Issue 4 call for papers: creative approaches to assessment and quality assurance

Welcome to all our JUICE readers! I hope you're managing to stay safe and well during these uncertain times. Here at the JUICE headquarters, we're making preparations for our next issue which will focus on creative approaches to assessment and quality assurance. If you're working with students in creative disciplines and would like to share …

Democratic Assessment: Using a students-as-partners approach to re-think assessment in Consumer Behaviour

Abstract This research aims to investigate and evaluate the introduction of students as partners approach to assessment design in Consumer Behaviour. The more democratic approach reflects more accurately the needs of the professional environment that these students hope to enter. I chose to use an action research methodology to intervene in my teaching and assessment …

How might autobiography be useful in addressing the problems of gendered assessment?

Abstract As UK universities undergo unprecedented internationalisation, they are struggling to shape a plethora of cultural and social capitals into an educational environment that is fair and equitable for all. With existing concepts of social justice proving adequate, lecturers seek new interpretative models of inclusivity. This article questions whether present-day assessments somehow mirror the patriarchal …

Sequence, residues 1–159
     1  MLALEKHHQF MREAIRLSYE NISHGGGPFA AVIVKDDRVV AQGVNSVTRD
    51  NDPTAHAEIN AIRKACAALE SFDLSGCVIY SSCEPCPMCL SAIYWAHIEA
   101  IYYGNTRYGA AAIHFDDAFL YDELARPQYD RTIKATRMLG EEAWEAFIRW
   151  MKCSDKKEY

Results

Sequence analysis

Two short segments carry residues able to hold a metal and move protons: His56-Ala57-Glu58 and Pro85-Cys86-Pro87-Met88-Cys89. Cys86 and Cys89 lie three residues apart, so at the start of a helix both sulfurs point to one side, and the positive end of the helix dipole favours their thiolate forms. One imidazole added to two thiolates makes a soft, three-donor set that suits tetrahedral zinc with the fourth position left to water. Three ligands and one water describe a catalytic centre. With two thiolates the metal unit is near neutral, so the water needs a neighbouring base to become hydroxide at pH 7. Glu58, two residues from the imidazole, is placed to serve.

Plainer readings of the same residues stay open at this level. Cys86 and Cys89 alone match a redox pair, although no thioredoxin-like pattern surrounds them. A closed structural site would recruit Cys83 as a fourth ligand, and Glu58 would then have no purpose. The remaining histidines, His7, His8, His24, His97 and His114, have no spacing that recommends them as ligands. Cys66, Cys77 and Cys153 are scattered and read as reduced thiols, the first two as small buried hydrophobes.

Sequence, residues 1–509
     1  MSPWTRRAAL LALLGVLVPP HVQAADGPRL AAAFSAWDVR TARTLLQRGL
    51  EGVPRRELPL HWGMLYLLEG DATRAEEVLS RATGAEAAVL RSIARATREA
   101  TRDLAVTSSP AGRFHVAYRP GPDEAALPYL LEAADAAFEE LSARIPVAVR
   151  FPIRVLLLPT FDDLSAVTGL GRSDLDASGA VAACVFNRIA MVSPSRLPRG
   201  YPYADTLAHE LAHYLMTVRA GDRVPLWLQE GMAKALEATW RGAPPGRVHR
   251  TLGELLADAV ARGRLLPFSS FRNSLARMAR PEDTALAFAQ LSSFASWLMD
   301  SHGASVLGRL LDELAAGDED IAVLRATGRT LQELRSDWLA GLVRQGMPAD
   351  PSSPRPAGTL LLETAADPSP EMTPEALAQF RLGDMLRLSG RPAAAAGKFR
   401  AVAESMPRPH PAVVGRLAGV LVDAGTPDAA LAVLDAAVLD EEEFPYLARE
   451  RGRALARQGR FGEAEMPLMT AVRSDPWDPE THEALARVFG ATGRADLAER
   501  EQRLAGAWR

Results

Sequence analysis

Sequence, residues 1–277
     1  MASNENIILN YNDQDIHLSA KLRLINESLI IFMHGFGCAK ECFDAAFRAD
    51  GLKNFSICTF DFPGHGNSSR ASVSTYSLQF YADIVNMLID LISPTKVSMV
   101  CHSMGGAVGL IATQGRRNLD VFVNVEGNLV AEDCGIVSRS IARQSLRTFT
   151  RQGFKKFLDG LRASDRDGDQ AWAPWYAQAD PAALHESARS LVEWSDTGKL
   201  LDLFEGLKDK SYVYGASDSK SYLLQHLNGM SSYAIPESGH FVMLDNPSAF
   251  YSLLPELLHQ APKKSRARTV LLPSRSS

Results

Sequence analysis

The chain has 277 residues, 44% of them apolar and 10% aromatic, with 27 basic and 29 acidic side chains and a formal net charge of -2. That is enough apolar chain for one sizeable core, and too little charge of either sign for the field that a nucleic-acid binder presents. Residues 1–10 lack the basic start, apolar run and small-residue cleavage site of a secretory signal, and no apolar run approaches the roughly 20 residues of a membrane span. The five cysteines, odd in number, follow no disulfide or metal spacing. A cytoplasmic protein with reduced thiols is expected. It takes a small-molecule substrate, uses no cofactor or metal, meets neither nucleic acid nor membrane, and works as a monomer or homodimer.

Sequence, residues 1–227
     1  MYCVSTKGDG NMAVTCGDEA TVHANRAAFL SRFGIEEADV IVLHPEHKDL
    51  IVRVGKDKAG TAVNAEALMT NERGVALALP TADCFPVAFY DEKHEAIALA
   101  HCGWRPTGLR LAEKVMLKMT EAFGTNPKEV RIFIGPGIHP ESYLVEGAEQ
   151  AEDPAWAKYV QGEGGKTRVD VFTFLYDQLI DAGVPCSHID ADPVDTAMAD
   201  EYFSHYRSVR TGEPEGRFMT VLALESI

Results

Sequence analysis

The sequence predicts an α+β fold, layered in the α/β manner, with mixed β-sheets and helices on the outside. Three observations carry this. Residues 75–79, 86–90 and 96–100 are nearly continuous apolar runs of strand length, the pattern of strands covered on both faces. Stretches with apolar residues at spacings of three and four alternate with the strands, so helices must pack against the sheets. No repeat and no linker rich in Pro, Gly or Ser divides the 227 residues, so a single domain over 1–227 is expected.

Championing GradeMark for Assessment and Feedback in Film Production

This article focuses on the development of a community of assessment practice which aimed to ensure that all assessors were consistent with their assessment decisions. The community sought to enable students and assessors to be active participants in a feedback loop, and this research investigated the role that the online feedback tool Grademark could play …

What is wrong with Eisner’s theory of connoisseurship for assessment in the arts – and why

Elliot Einser’s theory of connoisseurship has been influential in the discourse around assessment of arts disciplines for forty years – and still is. It claims that judgments should be based on the fact that assessors are like connoisseurs: able to discern, discriminate and thereby identify good work, as well as being able to explain the …